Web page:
Marvin Williams and Jamal Crawford share Seattle roots and laidback personalities. More germane to the Hawks' playoff aspirations, both players have the potential to point their team to a first-round upset.

As both work their way through inconsistent seasons, Hawks coach Larry Drew has been trying to unlock both players in time for the postseason. So are Williams and Crawford. They've got eight games remaining in the regular season, starting with Orlando on Wednesday night at Philips Arena.

"So each and every night, it's something Jamal and I talk about," Williams said. "We just want to bring a little bit more to this team to kind of get us over the hump."

On Sunday against an over-matched Cleveland team, Williams filled in for Joe Johnson (out with a sprained thumb) and needed only 14 shots toa season-high 31 points. It followed a hint on Saturday night that perhaps Crawford's sixth man of the year form wasn't as far off as despairing fans fear. After the Hawks lost four of five, he helped arrest the slide by kicking in 18 points in a win over New Jersey.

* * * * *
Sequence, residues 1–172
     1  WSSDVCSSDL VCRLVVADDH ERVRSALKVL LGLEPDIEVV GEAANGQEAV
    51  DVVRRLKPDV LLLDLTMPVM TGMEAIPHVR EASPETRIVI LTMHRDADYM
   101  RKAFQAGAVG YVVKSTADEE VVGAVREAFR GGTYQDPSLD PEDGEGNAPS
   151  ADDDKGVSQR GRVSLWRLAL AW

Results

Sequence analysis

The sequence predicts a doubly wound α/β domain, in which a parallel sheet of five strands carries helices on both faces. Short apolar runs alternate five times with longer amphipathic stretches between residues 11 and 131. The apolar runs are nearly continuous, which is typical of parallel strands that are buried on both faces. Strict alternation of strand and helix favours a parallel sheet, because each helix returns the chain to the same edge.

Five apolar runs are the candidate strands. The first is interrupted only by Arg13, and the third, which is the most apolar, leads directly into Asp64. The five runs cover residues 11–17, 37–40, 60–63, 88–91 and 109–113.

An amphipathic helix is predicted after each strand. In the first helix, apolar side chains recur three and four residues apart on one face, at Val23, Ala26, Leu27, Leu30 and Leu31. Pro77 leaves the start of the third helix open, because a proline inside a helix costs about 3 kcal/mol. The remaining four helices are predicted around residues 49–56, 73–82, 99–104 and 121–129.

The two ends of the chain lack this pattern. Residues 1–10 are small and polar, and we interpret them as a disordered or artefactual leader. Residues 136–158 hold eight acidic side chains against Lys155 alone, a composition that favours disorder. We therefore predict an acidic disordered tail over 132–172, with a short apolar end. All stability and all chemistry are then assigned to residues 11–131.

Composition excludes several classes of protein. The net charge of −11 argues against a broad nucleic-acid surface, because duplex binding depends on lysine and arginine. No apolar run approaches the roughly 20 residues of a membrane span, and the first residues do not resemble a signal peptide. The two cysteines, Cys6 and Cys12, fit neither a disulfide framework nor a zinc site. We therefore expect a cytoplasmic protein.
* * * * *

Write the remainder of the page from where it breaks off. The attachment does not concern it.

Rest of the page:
"I feel really good [physically]," Crawford said Sunday. "It's just mentally. I've got to always stay locked in mentally and engaged and in that aggressive mindset."

In recent games, Drew has been feeding Crawford extra minutes and reminding him to keep shooting. After a scoreless first half against Portland on March 12, Drew pulled Crawford into his office at halftime to tell him, "You need it get it going," according to Crawford. He responded with a 20-point second half.

"When he plays with that aggression, when he's in that attack mode, we're good," Drew said.

This season, the Hawks are 16-5 when Crawford scores 18 or more. They are 21-9 when Williams gets into double figures. Crawford acknowledges he has played passively at times after being named the sixth man of the year, which included an 18 scoring average and 31 20-point games.

"I think I have to look in the mirror, honestly," he said.